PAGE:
Sensory inputs, including visual, auditory, and somatosensory inputs from the environment, play a crucial role in infant brain development. Vision (light), the most important perception of mammals, has been identified for promoting synaptogenesis, one of the hallmarks of brain development, in multiple areas of the brain. However, the neural mechanism regulating this phenomenon and the lifelong effects on cognition and learning ability remain unknown.
The research team led by Prof. Xue Tian and Bao Jin from the Department of Life Science and Medicine at the University of Science and Technology of China (USTC) of Chinese Academy of Sciences identified the neural mechanism and lifelong effect of light-promoted early brain development in mammals. The results were published in Cell.
Visual perception begins with the retina. There are three main types of photoreceptors in the mammalian retina: rods, cones, and intrinsically photosensitive retinal ganglion cells (ipRGCs). Unlike the classical imaging visual photoreceptor rods and cones that mediate visual image encoding, ipRGCs are specifically activated by blue light through melanopsin, the opsin encoded by gene Opn4, and mainly mediate non-imaging visual functions (NIV) such as light entrainment of circadian clocks, pupillary light reflex, and mood regulation. Developmentally, ipRGCs respond to light much earlier than rods and cones and mediate the earliest light perception in mammals, suggesting that ipRGCs may play a role in light-promoting brain development.
In this study, the researchers first found that compared to control pups (Opn4+/+), neonatal mice lacking the photosensitivity of ipRGCs (Opn4-/-) had reduced frequency of mini-excitatory postsynaptic currents (mEPSCs) and number of dendritic spines of pyramidal neurons in multiple sensory cortex and hippocampus, while those deficits of synaptogenesis were observed in another experimental group reared in the dark from birth. Furthermore, by re-expressing melanopsin in the ipRGCs of Opn4-/- neonatal mice, the cortical and hippocampal synaptogenesis in the cortex and hippocampus were significantly enhanced. This result revealed that light sensation through ipRGCs mediate the light-promoted brain synaptogenesis of neonatal mice at early brain development.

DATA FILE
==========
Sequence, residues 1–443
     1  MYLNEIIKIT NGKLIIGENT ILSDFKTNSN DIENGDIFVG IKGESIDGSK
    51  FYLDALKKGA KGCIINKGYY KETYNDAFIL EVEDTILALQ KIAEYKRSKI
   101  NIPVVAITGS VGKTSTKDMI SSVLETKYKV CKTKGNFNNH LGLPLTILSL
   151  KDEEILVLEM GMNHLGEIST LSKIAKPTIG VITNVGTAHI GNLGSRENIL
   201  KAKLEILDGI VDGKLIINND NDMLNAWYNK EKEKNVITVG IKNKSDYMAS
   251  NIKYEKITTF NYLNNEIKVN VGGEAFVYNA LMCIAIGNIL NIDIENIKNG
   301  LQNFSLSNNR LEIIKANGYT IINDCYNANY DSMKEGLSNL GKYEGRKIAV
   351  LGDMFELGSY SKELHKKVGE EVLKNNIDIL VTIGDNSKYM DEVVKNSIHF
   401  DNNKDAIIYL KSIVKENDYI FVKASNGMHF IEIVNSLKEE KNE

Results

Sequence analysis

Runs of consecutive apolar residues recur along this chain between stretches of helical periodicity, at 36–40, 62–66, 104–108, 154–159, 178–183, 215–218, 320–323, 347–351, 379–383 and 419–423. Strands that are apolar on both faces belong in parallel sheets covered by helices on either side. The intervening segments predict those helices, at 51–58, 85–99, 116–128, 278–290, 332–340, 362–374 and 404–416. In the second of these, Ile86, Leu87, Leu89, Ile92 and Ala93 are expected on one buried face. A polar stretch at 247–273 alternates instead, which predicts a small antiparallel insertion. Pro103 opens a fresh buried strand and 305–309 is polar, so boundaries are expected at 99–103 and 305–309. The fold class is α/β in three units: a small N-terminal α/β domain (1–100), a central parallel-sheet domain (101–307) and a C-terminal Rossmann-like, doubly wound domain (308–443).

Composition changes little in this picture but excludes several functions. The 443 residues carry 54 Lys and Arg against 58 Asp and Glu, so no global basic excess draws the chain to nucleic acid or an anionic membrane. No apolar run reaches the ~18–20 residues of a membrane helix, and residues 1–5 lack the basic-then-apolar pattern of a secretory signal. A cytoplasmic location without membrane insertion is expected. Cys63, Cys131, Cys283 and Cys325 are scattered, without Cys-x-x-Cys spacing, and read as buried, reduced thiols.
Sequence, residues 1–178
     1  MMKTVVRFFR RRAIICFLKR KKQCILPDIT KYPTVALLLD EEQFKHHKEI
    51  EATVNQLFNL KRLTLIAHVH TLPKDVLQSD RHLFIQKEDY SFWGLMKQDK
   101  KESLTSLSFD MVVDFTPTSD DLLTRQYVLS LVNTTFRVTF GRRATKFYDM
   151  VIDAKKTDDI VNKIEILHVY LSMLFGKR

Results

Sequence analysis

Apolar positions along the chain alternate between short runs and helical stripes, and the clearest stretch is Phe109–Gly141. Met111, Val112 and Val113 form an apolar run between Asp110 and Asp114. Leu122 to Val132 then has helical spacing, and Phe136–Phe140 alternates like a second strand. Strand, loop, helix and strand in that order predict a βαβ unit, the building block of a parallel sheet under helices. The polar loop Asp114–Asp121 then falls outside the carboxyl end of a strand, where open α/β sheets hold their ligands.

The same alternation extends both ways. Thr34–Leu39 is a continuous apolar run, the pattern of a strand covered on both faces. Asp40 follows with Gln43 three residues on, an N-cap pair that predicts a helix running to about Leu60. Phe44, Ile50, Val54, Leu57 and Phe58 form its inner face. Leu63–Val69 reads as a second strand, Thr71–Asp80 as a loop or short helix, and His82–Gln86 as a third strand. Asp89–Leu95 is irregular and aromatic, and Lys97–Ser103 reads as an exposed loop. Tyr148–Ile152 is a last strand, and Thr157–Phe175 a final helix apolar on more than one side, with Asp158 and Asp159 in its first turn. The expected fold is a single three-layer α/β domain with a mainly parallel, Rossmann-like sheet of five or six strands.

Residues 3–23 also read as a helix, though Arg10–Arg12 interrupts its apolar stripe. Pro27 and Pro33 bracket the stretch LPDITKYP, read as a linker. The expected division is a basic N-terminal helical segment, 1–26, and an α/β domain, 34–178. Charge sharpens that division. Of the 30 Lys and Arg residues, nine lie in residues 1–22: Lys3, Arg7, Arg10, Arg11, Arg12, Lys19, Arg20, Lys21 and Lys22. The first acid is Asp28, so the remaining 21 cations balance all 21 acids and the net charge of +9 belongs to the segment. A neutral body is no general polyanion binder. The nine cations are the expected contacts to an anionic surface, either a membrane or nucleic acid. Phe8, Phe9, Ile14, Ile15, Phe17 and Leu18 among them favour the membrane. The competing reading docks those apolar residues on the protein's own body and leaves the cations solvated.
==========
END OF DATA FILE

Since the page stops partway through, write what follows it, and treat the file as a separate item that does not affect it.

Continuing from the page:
By mass spectrometry, the researchers further identified the neuropeptide oxytocin as the signaling molecule for ipRGCs-mediated light-promoted cortical and hippocampal synaptogenesis. They confirmed the projection of ipRGCs to supraoptic nucleus (SON) and showed retinal ganglion cells connect with oxytocin neurons in both SON and paraventricular nucleus (PVN) in pups. This projection leads to the activation of oxytocin neurons in both SON and PVN upon light sensation mediated by ipRGCs, increasing the concentration of oxytocin in cerebrospinal fluid which promotes the synaptogenesis.
To further identify whether the observed deficits in cortical synaptogenesis at early developmental stages have any long-term impacts on adult mice, the researchers applied a sound discrimination task to test the learning ability of two-month-old mice. Compare to control mice, the Opn4-/- mice showed deficit in learning speed, meanwhile this deficit can be rescued via re-expressing melanopsin, or artificial activation of oxytocin neurons in SON from birth.
“Early light sensation by ipRGCs contributes to cortical synaptogenesis via activating hypothalamic oxytocin neurons through ipRGCs-SON-PVN connections, and demonstrated that the light-promoted early cortical development has prolonged impacts on learning ability in adulthood,” said Xue. This study highlights the importance of light sensation early in life on the development of learning ability and therefore calls attention to suitable light environment for infant care.